English, School of Liberal Arts

Female classical musicians are making major statements on the stage and on social media. What kind of statements? Ask Sofia Bock ’24.

The English/education major conducted research this past summer on the phenomenon of the “classical music influencer” with Shannon Draucker, Ph.D., assistant professor of English. Their shared passionate interest in the topic resulted in a joint professor-student presentation last fall at the National Women’s Studies Association (NWSA) annual conference, one of the leading conferences in gender and sexuality studies in the U.S. They also had the thrill of meeting Kimberlé Crenshaw, one of the world’s leading feminist scholars.

Their talk, “The 'New’ Classical Music: Performing Feminist Activism on the Social Media Stage,” spotlighted what are called classical music influencers: young, millennial or Gen-Z classical musicians who have developed huge followings on social media platforms like Instagram and TikTok. They argued that by highlighting their work on social media— and, often, critiquing some of the sexist and racist traditions of the classical music world—these influencers are making space for feminist and antiracist politics in the notoriously exclusionary classical music world, according to Draucker.

“Sofia’s excellent research formed the basis of our NWSA talk,” she said. “She is beyond impressive. She not only produced professional-level academic scholarship, but also presented her work at a major national conference, which is highly unusual for an undergraduate.”

Not only was this Bock’s first academic conference, getting to Baltimore also afforded her first plane ride. She must have looked the part – audience members told her they assumed she was a college professor. 

”I have literally been thinking about this conference every day since I went,” she said. “It was amazing being in a room with so many people who were all in solidarity with one another.”

The idea for their research came about when Bock shared with Draucker a TikTok posted by Her Ensemble, a free-form group founded to positively impact the gender gap and gender stereotypes in the classical music industry. Draucker herself is an accomplished clarinetist who almost opted for a career in music performance; Bock played violin in her school orchestra growing up. Both were struck not only by the talent and passion on display by Her Ensemble, but by the group’s commitment to making women seen and heard in the exclusionary world of classical music.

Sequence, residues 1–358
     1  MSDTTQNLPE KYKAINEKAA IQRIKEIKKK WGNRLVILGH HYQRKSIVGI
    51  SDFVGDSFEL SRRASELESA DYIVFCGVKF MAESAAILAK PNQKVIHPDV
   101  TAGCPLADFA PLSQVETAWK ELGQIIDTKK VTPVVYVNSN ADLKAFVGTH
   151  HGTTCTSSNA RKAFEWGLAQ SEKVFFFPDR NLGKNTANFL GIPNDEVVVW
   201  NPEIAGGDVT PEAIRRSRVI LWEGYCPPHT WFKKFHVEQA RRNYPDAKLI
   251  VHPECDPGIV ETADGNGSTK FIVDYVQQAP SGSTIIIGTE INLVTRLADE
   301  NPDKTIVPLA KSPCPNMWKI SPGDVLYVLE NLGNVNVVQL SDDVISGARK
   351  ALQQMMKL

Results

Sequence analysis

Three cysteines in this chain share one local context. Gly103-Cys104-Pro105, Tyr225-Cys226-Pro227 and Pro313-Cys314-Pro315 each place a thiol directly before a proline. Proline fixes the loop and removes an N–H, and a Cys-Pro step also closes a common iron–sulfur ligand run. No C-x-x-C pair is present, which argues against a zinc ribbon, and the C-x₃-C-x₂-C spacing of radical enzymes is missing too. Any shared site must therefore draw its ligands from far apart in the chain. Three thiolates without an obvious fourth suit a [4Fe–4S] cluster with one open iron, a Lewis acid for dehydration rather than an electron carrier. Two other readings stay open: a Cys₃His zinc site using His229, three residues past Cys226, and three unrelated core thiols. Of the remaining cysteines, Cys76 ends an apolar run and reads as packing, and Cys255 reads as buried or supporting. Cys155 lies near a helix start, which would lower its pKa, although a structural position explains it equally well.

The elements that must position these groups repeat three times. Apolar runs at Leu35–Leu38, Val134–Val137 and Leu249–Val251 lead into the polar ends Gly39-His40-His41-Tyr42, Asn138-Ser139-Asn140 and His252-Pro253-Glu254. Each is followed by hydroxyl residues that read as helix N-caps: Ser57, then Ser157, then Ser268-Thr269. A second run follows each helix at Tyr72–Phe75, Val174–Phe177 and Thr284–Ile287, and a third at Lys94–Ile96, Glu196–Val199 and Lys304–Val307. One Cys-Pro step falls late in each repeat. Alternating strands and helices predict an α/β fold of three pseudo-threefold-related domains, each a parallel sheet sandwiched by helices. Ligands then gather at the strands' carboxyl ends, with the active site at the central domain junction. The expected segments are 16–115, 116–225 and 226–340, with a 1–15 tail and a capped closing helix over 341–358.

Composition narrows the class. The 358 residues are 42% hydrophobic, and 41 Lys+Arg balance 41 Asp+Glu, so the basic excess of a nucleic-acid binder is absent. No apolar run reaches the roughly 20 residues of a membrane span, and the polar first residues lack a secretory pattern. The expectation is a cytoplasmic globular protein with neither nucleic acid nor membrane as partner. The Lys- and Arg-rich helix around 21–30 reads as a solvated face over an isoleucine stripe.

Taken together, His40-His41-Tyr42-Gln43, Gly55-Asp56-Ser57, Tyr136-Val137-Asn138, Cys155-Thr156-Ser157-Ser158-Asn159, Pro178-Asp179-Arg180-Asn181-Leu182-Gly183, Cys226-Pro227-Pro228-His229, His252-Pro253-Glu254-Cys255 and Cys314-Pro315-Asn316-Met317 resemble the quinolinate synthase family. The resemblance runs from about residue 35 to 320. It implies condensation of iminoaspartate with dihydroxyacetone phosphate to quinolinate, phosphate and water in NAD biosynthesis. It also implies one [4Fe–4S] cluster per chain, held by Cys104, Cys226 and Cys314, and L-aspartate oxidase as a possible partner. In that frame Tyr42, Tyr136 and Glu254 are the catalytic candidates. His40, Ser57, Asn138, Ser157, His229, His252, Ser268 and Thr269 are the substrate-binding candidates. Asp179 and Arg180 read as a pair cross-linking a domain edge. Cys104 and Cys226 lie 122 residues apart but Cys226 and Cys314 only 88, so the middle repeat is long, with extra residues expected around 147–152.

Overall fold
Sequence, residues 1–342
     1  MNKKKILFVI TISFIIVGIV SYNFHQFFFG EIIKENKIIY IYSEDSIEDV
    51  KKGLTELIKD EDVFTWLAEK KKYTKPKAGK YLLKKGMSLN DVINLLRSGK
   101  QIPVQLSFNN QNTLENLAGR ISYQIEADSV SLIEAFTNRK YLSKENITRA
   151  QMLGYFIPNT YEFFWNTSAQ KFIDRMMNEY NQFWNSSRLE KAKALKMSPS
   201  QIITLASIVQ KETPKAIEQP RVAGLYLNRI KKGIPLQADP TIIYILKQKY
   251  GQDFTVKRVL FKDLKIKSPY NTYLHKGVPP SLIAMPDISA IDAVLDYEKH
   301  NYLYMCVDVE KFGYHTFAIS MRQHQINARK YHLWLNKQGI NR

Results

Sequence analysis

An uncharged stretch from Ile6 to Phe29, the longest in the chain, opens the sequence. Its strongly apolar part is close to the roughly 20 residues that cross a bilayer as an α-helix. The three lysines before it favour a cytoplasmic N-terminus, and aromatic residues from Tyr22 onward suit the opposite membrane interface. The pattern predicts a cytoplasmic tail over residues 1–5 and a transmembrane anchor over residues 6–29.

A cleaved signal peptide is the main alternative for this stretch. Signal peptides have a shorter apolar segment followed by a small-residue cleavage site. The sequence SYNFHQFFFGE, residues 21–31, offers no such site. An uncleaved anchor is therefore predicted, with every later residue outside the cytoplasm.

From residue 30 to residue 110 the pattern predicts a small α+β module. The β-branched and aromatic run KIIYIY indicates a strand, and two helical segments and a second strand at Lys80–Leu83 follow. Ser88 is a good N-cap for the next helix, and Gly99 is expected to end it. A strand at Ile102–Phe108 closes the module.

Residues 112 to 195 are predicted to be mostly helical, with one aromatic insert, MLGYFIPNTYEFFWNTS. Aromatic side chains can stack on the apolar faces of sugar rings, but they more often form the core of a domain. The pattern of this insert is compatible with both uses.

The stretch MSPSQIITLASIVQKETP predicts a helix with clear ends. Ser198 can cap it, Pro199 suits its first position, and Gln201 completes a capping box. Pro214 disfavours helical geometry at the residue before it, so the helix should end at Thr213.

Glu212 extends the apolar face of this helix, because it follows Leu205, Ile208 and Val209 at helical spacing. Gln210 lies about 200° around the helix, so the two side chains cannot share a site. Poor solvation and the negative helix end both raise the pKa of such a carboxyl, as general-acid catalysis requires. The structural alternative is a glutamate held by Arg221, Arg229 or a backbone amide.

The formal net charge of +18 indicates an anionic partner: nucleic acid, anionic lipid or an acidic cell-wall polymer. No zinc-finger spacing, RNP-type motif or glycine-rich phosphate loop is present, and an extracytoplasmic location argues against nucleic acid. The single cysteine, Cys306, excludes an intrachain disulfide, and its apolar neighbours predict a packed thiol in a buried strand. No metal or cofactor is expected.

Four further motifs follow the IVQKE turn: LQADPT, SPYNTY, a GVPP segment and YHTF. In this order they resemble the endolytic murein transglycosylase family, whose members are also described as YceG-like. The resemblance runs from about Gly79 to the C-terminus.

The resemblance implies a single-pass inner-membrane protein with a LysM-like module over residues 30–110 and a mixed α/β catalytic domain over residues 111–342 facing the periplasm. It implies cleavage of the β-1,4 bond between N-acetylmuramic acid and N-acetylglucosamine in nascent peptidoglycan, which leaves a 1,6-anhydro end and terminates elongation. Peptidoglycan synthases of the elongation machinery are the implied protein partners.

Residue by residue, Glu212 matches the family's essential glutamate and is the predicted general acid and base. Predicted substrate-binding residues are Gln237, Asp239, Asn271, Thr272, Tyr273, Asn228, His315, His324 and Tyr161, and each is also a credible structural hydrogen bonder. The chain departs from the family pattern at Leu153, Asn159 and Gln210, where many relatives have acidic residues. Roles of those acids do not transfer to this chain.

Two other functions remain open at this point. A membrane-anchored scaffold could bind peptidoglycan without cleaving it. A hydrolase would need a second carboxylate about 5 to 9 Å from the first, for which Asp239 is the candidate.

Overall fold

“The group is made up of women of different races, religions and cultures, who all showcase their amazing classical music talent,” explained Bock. “In addition to performance, the group examines how women are sometimes talked down to in the classical music world. These women are using social media to make necessary change, and to make classical music more accessible to everyone.”

During their research, Bock and Draucker examined a wide variety of social media posts by women in classical music, especially musicians of color and from the LGBTQ community.

“These posts help us understand that there is a person behind the instrument, behind the plain black performance clothes,” said Bock. “It also shows that social media is not just a big, bad toxic place. It can also be a place of advocacy and justice not only in classical music but in life, if you are willing to share your talents, personal stories and culture.” 

Bock, who is currently student teaching at Columbia High School in East Greenbush, also attended a pre-conference workshop on employing feminist pedagogy in K-12 classrooms. She was especially taken with a syllabus that paired music hits by Megan Thee Stallion with popular feminist readings. 

“The people there were so welcoming,” she said. “There were students, college professors and veteran K-12 teachers all sharing ideas on making the classroom experience more impactful and more inclusive of feminist and antiracist ideals.” 

At a book-signing event before the conference, the pair met Crenshaw, the pioneering feminist scholar who teaches at Columbia University Law School and UCLA. She coined the now ubiquitous term “intersectionality” to describe the double bind of simultaneous racial and gender prejudice. They got to meet her twice more at the conference.

The research and conference travel were sponsored by Siena’s Center for Undergraduate Research and Creative Activity (CURCA).